Vanguard’s shift away from MSCI indexes has a lot of ETF investors asking key questions.

These include: Is this the right kind of move for all providers? And what does it mean for their funds’ investments?

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But shortly after Vanguard decided to ditch MSCI in favour of new benchmarks, Blackrock CEO Laurence Fink expressed his firm’s intention to stick with MSCI. The company’s been fielding calls from clients about what Vanguard’s move means for the industry, as well as about why the firm is planning to stick with the status quo.

Read: Vanguard changing target benchmarks of ETFs

And according to Greg Walker, head of iShares institutional business at BlackRock Canada, the rival firm’s announcement has opened up an important conversation about indexes and why they matter.

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“We’ve had this discussion for years about the index, and cost is only one factor. There are many more decisions investors need to make when looking at ETFs. And one of the most important is the exposure and the index itself,” he says.

The firm has issued two client memos outlining the differences between the FTSE index and the MSCI in an effort to communicate “this change is bigger than simply transitioning from one index provider to another.”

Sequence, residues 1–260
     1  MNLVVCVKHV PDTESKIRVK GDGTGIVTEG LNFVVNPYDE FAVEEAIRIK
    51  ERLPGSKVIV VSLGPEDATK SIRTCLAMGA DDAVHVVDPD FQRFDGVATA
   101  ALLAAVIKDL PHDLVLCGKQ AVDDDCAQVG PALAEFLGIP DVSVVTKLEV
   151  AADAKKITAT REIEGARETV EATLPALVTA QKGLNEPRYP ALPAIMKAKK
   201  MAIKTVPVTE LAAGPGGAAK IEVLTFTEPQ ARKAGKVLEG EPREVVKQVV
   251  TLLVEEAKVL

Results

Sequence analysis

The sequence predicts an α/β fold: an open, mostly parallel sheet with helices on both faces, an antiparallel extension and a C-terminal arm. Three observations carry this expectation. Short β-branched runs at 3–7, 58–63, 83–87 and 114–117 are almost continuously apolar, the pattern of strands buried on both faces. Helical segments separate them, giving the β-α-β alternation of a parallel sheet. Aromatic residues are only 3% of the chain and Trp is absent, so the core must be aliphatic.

So, what’s are these differences?

When it comes to holdings, countries, sectors and styles, the FTSE and MSCI have some fundamental dissimilarities. For example, the MSCI EAFE Index and the FTSE Developed Ex North America Index have a greater than 10% difference in holdings.

Country allocations also vary between them: Korea, for instance, is a sticking point. MSCI calls it an emerging market country while FTSE classifies it as a developed country; though Korea is the second largest country allocation in the MSCI Emerging Markets Index (15.57%), it’s excluded from the FTSE Emerging Index.

FTSE’s Emerging Index also includes exposure to the United Arab Emirates and Pakistan, while MSCI’s excludes both countries, because the firm classifies them as frontier markets.

Read: Diversify emerging market exposure

So, investors need to understand that not all indexes have the same holdings, and that they’d better be primed about the specifics of the switch if they’re invested in Vanguard ETFs.

They should revisit the composition of the underlying indices they’re holding with their advisors, who also need to understand how the shift will impact their clients and their returns.

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